The Elder Scrolls V Skyrim: Hearthfire & The Quest For Home
Forget Solstheim, Vampires, and Werewolves. Bethesda’s latest DLC simply offers you a place to live, but its attempts to tame this series’ lone wolf of a hero feel a lot like a cage…
Shackled, bound, yet still resolute, a Nord sits in a rickety cart among Skyrim’s frozen foothills. As the opening credits to Bethesda’s latest open-world adventure play him in, he embarks on one last journey accompanied by three fellow prisoners who all share his fate: execution.
It’s in these, his final moments, that he offers words of comfort:
“A Nord’s last thoughts should be of home…”
Little does this Nord know that he’s speaking in the company of you, a Dragonborn: a saviour by any other name, as every Elder Scrolls game past, present, and future is destined to feature. Whether you’re an Argonian, Dark Elf, or Breton, Bethesda has a storied history of dragging its would-be saviours of Tamriel from their true homes and thrusting them into the role of a modern videogame hero; a life filled with busy work and menial tasks, to the end of their days.
As that cart rattles along, the Nord speaks to comfort his fellow companions, but it’s more than that still. For all of Skyrim’s Norse-inspired mythology, this phrase is best placed as their interpretation of “Home is where the heart is.”. So where then, in Skyrim’s opening moments, is your Dragonborn thinking of as home?
It could be this series’ past locales. Perhaps. Yet you won’t find the likes of the Imperial City here in Skyrim; 2006’s Oblivion and its capital city may only be a few hundred miles away, but it’s also stuck some ten years in the past.
…where then, in Skyrim’s opening moments, is your Dragonborn thinking of as home?
Nostalgic players won’t find a Seyda Neen here, either, which is still considered by many to be this series’ most comforting home of all. It was a home that, in The Elder Scrolls III: Morrowind, welcomed you to Vvardenfell’s shores with a “Greetings, Outlander!” before hailing you as its saviour some hundred hours later as you stumbled upon this quaint village again.
In fact, you won’t find a comforting starting location of a home at all in Skyrim. Bethesda’s latest stages its opening act in a nondescript fort high amongst the mountains. Guards squabble, prisoners object, and just a few moments later all is set ablaze by the Dragons you’re destined to chase for the coming 30, 40, 50 hours if not more.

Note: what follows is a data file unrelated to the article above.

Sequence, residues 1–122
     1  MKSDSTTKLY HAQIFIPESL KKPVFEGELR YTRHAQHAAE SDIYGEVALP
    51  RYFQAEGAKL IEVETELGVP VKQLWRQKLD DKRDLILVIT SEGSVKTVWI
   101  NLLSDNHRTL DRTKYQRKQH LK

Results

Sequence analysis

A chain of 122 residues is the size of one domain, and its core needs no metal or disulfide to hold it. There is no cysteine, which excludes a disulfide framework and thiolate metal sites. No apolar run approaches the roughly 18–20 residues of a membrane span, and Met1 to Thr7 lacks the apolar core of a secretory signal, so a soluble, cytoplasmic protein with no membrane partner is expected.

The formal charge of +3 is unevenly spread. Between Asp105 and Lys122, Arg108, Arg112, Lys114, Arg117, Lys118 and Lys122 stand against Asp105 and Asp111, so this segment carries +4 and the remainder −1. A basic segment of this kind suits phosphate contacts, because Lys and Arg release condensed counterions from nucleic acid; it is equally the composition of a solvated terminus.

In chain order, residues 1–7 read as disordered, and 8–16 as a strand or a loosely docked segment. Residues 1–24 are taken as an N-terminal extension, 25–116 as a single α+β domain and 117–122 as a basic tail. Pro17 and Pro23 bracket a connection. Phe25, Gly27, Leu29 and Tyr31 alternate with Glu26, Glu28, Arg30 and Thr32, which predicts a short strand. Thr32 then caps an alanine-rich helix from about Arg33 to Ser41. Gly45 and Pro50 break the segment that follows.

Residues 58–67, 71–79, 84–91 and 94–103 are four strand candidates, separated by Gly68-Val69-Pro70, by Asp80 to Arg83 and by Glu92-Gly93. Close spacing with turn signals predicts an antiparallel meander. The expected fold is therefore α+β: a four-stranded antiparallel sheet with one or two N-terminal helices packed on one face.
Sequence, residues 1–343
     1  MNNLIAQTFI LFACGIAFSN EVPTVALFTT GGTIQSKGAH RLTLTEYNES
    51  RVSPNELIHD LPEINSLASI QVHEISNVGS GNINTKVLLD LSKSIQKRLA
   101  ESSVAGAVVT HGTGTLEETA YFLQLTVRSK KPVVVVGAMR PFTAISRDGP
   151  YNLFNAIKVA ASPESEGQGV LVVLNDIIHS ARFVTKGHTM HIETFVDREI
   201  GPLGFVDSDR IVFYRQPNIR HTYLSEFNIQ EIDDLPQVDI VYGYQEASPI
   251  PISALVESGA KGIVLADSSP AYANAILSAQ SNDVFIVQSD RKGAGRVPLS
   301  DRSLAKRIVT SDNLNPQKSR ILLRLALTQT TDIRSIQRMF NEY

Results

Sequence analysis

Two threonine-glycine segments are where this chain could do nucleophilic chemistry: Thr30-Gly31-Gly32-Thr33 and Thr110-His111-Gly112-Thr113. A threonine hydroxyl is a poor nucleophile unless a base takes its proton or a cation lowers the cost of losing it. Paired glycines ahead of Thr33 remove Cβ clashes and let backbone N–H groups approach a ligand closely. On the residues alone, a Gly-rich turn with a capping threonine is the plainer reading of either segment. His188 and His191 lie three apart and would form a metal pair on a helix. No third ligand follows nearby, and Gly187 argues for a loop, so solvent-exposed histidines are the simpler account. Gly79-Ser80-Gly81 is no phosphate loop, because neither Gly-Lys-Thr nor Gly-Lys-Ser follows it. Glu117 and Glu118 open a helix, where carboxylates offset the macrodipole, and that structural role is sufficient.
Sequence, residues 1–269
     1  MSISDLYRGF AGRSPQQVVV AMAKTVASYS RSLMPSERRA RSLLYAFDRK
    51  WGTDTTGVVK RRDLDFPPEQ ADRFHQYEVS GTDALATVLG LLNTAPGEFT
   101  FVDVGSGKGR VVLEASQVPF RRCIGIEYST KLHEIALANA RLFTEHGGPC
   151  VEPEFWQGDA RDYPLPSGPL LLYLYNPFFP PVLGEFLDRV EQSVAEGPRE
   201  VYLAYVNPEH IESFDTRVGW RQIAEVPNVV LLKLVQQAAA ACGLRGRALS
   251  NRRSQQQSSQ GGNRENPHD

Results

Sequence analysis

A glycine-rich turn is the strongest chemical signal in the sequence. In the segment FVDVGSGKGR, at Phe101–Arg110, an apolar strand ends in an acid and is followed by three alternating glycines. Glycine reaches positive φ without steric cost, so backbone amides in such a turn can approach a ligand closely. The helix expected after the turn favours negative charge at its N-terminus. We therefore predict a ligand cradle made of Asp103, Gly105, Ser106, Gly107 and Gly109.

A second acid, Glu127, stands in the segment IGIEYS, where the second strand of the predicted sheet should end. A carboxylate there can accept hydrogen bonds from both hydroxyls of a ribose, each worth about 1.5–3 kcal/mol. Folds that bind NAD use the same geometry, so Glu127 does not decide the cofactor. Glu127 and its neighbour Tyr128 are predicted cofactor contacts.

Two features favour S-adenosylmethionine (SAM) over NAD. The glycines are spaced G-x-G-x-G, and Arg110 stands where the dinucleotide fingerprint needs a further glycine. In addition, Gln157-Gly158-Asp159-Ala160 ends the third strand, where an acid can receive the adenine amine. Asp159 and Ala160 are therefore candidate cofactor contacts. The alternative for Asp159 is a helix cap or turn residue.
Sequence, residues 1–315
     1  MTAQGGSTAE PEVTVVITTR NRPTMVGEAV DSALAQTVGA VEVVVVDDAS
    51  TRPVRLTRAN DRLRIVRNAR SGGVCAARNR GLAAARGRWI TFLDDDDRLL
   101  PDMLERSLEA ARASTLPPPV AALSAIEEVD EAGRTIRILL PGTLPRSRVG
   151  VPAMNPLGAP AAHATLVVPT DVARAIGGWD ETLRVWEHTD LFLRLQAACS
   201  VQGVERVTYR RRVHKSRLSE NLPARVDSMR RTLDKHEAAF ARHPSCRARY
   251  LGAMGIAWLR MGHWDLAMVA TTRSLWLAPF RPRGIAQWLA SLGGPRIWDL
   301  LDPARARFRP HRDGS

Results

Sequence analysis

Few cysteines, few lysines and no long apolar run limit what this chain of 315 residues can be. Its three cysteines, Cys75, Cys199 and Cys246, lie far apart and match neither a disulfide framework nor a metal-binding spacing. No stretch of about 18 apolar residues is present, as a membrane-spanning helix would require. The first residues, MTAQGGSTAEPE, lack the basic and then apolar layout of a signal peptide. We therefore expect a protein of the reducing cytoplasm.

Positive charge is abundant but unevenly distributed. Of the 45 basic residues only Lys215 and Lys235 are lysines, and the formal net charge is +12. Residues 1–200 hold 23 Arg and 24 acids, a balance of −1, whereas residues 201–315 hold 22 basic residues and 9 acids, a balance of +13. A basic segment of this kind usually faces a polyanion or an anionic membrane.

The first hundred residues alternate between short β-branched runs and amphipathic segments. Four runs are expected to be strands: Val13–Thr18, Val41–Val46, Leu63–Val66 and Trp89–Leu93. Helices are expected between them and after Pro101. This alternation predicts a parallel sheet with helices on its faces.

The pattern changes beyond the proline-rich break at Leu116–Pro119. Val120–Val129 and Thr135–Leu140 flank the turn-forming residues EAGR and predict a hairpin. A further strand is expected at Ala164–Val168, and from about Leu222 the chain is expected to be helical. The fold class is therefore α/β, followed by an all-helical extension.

Skyrim quite literally tosses you to the wolves, and sets you on your journey without any form of a home to think of. Which makes Skyrim, intrinsically, a homeless place.
So, back to that question: Where is a Dragonborn’s home? It’s easy to profile, if impossible to place. It lies, as every one of cinema’s great adventurer’s does, in the crypts of once grand kings. You’ll find it among Dwemer ruins too, which turn experienced players nostalgic for Vvardenfell’s Dwemer caves (there’s a good reason Morrowind remains a fan favourite, and its Dwemer caves is one of them).
Finally, if the phrase rings true, a Dragonborn’s heart – their true home – lies in the heart of every Dragon that darkens the sky. It would follow then that the true home of the Dragonborn is the same as that of Skyrim’s Dragons; always just over the next horizon.
It’s why Bethesda’s attempts at capturing that heart in Hearthfire are puzzling at best. Purchase a plot. Work the land. Gather materials. It’s busywork for busywork’s sake. You’ll need to do it, though, if you want to successfully plant permanent roots and escape Skyrim’s already unnaturally quiet cities, swapping the stone heights of Markarth or the thief-filled piers of Riften for quieter vistas.
And what would a house be without a family to fill it? You can obtain one of those, too, with the chance to adopt a child of your own, to care for and to look after even as the hours pass and your heart yearns for new adventures.
Hearthfire’s attempts to define the home of a Dragonborn are as commendable as they are in vain, then. This DLC, this new home, and this family are distractions meant to brace a hero for the day they – and any developer of an infinitely-playable open world game – fear the most: retirement.
The day when quest logs run dry, and you find yourself thinking of home.
Wherever that may be.